"We protect our meats similar to how we protect the rest of our products, through smart merchandising,"
said Robert Keane, spokesman for Ahold USA's Stop & Shop, Quincy, Mass. "We ensure that there is a sufficient supply of meats to service the customers but not an overabundant amount. Our detectives and meat department associates monitor the cases and we use [closed-circuit TV] to protect key areas of our stores, including the meat department."
In fact, digital TV cameras for surveillance were cited most frequently by the FMI study's respondents, who were asked to name the top cost-saving security strategies.
"Some companies choose to hide their CCTV [screens], but my philosophy is that they should be out in the open where [customers] can see that they are on camera," said Alford, adding the screens act as a deterrent. "Monitors can be placed in public view over the high-end cuts of meat, shrimp, lobster, wine, beer and HBC products."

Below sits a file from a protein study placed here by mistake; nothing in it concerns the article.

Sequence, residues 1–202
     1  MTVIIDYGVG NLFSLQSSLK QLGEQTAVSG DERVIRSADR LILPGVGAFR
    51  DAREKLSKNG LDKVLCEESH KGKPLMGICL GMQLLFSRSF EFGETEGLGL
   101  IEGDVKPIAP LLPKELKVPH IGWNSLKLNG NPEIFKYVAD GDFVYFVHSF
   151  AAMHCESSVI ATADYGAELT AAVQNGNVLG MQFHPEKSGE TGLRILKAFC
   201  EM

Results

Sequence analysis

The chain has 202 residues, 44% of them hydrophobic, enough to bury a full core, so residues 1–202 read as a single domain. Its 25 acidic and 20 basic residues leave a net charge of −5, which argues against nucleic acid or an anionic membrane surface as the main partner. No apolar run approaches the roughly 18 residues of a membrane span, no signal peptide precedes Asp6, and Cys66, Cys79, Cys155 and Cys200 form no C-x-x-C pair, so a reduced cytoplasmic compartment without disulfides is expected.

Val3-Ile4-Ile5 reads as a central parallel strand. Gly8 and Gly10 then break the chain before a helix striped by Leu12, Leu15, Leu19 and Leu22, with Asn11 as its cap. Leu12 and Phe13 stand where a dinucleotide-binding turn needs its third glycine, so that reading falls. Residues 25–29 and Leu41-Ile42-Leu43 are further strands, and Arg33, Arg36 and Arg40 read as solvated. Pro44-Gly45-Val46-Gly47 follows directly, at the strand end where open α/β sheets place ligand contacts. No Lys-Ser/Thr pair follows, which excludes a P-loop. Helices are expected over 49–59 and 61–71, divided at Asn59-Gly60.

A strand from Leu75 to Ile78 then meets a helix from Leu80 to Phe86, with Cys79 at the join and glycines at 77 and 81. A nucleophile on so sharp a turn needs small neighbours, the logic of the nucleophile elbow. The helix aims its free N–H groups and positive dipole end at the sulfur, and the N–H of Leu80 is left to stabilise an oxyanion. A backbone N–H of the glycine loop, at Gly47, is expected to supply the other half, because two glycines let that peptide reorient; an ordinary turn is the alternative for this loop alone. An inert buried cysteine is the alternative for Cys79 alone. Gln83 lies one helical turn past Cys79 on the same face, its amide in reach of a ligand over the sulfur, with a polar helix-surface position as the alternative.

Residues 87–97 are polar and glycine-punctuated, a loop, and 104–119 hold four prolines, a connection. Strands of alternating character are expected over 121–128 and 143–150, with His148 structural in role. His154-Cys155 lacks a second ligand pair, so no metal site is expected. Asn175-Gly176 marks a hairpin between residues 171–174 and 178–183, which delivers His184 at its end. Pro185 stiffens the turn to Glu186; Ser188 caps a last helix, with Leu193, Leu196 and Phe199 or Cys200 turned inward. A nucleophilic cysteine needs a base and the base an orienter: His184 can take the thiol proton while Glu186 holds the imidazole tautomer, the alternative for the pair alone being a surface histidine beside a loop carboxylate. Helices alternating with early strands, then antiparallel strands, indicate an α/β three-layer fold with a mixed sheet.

When targeting stores, would-be thieves take small details, such as picture quality, into consideration.
"If a [dishonest person] notices high-resolution visibility then [they'd consider it a] waste of time to steal something from that particular store," Shoemaker said.
Some retailers are beginning to use CCTV screens to broadcast marketing messages until consumers get within a certain vicinity of the screen. As they draw nearer, the image switches to a view of the shopper, Shoemaker said.
Bentonville, Ark.-based Wal-Mart Stores uses TV cameras inside and outside the stores, said Sharon Weber, spokeswoman for the retailer. Though she couldn't provide information relating to theft rates of specific products like meat, Weber acknowledged shoplifting is a problem.